It’s hard to overstate how important good information is in business and this applies equally to why Masters of the Universe are tempted to go in for insider trading as it does why we have Go Compare adverts.
This is not here for its musical chops
The competition for supermarkets in Britain is pretty limited and customers have a particular disadvantage here.
The only solution to this is to sit down and try to address the information disadvantage. There’s various ways of doing this and one way is to do primary research. Unfortunately, canvassing all products in all supermarkets in a reasonable amount of time is a massive task and, being give-up-your-day-job labour intensive, it won’t save you much money. It has only just become practical to do it this way because the internet, of course, has made it practical to crowdsource supermarket comparison shopping. Suddenly everyone can share small samples of prices that they found while going about their lives and combine them together into a database.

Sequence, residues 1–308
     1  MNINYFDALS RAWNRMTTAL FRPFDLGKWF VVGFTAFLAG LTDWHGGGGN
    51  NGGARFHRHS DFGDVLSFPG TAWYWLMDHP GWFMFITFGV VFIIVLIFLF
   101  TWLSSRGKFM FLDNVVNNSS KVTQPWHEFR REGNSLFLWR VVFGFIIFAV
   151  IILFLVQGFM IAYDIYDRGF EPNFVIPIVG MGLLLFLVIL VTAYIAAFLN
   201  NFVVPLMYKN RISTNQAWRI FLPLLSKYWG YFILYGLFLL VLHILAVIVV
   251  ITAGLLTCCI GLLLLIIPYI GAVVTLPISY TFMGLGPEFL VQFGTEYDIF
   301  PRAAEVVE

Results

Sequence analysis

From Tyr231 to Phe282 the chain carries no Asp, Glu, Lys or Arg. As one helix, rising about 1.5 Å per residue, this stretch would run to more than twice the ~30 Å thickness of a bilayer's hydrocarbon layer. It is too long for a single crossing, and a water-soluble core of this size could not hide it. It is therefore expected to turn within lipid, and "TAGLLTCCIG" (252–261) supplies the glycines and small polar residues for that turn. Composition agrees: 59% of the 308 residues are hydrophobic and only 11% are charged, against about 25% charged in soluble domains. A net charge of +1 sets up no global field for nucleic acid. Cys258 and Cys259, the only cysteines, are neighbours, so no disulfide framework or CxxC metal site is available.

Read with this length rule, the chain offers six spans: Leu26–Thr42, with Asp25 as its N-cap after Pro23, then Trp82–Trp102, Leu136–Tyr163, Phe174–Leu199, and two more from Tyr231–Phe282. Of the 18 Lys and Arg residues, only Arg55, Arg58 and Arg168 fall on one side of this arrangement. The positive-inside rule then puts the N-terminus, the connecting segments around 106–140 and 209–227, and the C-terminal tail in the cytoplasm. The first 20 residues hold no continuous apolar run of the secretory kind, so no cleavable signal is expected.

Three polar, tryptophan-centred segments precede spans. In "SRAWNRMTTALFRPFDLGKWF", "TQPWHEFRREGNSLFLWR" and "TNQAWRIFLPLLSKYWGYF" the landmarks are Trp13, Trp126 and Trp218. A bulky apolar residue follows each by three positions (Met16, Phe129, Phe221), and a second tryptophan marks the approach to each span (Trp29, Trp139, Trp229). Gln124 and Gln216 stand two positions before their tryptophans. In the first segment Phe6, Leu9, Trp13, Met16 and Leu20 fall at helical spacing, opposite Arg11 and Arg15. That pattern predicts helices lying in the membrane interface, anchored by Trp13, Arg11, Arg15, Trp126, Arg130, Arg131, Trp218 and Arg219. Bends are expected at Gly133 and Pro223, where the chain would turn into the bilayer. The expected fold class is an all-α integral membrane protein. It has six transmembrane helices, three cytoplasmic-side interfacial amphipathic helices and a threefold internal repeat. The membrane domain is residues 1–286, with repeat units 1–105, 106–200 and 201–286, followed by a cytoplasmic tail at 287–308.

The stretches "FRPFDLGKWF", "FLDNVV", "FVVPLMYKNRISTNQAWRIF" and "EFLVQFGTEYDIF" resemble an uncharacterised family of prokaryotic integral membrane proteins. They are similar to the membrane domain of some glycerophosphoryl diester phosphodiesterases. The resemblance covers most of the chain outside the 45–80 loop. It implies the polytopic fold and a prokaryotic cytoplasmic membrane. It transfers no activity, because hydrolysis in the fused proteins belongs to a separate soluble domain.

Supermarkets, as rational actors, do not like this. So much so that they have taken some big steps to stomping it out. People writing in notepads or taking pictures of shelves have been asked to leave stores because it’s against the law.
The Guardian comments come to our aid here:
Just for the avoidance of doubt, in legal terms this is what is technically known as ABSOLUTE BALLS.
The interesting thing is the Tesco staff quoted in the article’s approach to this. They explicitly say that you are allowed to track the prices of things you buy but not things still in the store. This is naturally a fantastic option for Tesco.
H/T: The Guardian